Quaker Universalist Conversations

Universalist Quakerism: A Seedbeed for Change

Over the past months and years there has been much discussion of the universalism and mysticism inherent in traditional Quaker practices.  A recent book (Andrew Cornell, Oppose and Propose!  Lessons from Movement for a New Society, AK Press , 2011) suggests to me that anarchism should be added to the trio.  Like “communism,” the word “anarchism” has been demonized in the 20th century.  But far from being associated with chaos and violence, traditional philosophical anarchism rests on confidence in the goodness of human nature and the absence of any need for hierarchical social structures or authoritarian government.  Its distinctive expression has been utopian communities, not suicide bombing.

 Two 17th-century movements that were closely associated with the evolution of Quakerism could quite properly be called anarchist in the philosophical sense. They were the Diggers, who established short-lived agricultural communes around England in 1649-50, and the Levellers, a more urban and political challenge to the aristocracy.  The leaders of both groups, Gerard Winstanley and John Lilburne, survived the revolution and the restoration of monarchy to become Quakers in their final years.

A 20th-century example of the continuing parallels between Quakers and anarchists is the Movement for a New Society (MNS), which existed in the United States from 1971 to 1988.  Like mystics, which many of them are, Quakers give priority to individual experience of the divine and reject the imposing of “truth” in the form of creeds or dogmas by any outside authority.  In the social sphere they accept democratically agreed-upon rules of conduct but, like anarchists, they reject coercion by force, especially the military force exerted by the state.  Both groups place a high value on peace, justice, and the common good.

The MNS grew directly from Quaker efforts to carry medical supplies to both sides during the Viet Nam war.   Blocked by the U.S. armed forces and disgusted by the bloated consumerism and militarism of American society, they turned hopefully to the task of creating a “New Society” on their home turf.  Writing from an anarchist perspective, Andrew Cornell examines the lessons learned from that experiment.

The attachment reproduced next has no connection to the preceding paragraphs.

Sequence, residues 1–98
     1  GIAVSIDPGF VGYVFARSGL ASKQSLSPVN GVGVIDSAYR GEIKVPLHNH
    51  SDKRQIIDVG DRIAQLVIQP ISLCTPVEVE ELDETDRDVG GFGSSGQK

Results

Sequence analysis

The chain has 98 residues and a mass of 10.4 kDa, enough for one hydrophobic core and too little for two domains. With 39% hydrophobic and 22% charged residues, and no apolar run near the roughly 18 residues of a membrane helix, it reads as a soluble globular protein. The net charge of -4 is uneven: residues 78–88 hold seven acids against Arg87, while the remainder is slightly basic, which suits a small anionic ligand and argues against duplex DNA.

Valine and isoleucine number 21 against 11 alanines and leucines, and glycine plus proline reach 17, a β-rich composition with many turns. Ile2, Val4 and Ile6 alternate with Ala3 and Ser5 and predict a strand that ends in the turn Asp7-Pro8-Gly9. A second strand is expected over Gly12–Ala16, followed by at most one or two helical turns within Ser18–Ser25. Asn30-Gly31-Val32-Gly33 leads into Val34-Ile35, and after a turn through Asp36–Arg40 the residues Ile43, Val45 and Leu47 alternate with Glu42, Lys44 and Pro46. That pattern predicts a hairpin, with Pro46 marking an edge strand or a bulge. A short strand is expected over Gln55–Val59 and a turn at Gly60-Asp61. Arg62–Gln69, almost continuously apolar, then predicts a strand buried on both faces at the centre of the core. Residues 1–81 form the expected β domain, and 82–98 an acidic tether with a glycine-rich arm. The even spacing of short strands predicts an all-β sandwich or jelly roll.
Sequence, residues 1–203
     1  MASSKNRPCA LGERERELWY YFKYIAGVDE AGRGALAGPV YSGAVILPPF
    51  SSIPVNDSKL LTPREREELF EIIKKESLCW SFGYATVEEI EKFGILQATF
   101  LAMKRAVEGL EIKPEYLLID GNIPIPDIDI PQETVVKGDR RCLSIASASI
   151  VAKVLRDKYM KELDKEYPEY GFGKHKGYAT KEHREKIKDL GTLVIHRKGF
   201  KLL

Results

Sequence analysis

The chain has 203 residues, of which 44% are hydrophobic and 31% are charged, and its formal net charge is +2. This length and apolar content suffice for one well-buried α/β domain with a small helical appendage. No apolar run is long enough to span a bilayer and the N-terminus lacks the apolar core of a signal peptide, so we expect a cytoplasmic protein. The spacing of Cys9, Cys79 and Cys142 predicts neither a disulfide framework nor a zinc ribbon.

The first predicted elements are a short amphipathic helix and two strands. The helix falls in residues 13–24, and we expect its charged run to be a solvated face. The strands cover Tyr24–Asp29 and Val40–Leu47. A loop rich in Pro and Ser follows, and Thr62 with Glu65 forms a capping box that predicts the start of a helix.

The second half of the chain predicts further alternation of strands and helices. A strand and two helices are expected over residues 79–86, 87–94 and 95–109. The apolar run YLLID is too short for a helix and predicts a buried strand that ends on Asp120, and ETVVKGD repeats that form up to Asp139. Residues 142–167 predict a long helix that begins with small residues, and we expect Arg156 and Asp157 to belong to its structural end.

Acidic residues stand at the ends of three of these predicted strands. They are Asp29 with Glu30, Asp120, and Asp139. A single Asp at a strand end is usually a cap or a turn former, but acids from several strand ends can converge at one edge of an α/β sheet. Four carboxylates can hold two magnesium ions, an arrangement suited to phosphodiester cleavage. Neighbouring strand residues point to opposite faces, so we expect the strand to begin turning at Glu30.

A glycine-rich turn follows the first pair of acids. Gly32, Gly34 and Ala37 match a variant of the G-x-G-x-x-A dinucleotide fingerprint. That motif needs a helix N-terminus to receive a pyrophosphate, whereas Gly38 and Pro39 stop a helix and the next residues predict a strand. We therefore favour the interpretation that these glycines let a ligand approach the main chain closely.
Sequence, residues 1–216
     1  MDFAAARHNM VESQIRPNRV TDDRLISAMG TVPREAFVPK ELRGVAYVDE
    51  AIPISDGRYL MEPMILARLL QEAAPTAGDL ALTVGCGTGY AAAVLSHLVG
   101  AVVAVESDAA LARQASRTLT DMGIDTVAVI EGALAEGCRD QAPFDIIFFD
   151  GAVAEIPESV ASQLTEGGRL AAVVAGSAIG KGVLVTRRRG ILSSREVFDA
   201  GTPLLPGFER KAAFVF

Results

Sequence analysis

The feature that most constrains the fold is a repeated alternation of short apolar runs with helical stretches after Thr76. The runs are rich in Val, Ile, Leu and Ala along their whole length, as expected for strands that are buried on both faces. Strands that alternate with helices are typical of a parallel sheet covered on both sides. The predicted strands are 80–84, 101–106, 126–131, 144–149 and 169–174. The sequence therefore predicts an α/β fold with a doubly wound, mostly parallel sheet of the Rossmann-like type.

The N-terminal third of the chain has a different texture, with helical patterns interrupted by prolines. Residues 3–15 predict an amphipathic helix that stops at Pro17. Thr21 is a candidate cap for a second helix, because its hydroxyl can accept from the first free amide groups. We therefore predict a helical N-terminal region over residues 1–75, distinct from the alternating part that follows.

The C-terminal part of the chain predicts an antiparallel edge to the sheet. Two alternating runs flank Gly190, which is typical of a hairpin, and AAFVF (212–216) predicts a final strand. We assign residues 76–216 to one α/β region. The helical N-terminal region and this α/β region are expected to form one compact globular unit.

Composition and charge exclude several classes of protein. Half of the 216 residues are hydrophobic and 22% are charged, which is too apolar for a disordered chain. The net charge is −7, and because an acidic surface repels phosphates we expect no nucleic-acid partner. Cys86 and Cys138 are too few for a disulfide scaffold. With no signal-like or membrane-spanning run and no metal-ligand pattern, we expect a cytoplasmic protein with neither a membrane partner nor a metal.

After a review of MNS history and core documents supplemented by interviews with its founder, George Lakey, and several long-time members, Cornell concludes:  “One of the most significant dilemmas that MNS helps us think through is the relation between the adversarial and the exemplary, the destructive and creative, the oppositional and propositional moments of social struggle.”  This ongoing tension is reflected in the legacy of the movement.  Still alive are a number of alternative and countercultural institutions (the distinction is not always clear) that were founded and nurtured by the MNS in Philadelphia and other places around the country.  They include co-ops, collectively managed businesses, land trusts, a few intentional communities, and other activities that prefigured the desired future and that allowed members to fulfill their aspiration of “living the revolution now.”  The other legacy of the movement is Training for Change, an international program of workshops for protesters that develops, tests, and teaches strategies for nonviolent resistance, often involving civil disobedience.  These strategies are employed in confrontations over nuclear facilities, trade agreements, environmental destruction, and situations of oppression throughout the world.

 Which approach is the most effective?  Do they complement each other?  Does struggle against abuses without offering alternatives leave a vacuum?  Or does creating counter institutions within an existing society open the way to being co-opted by the status quo?  Since so much depends on the context of the times, Cornell attempts no definitive answer.  One thing this little anarchist tract makes clear, however, is the profound influence of Quaker reliance on personal leadings of the spirit, and of Quaker practices such as consensus decision making, decentralized leadership, and radical pacifism.   Whether a more humane world forms within the crumbling shell of our own acquisitive society, or if it arrives on a tsunami from the future, Quakers will have played a role in shaping it.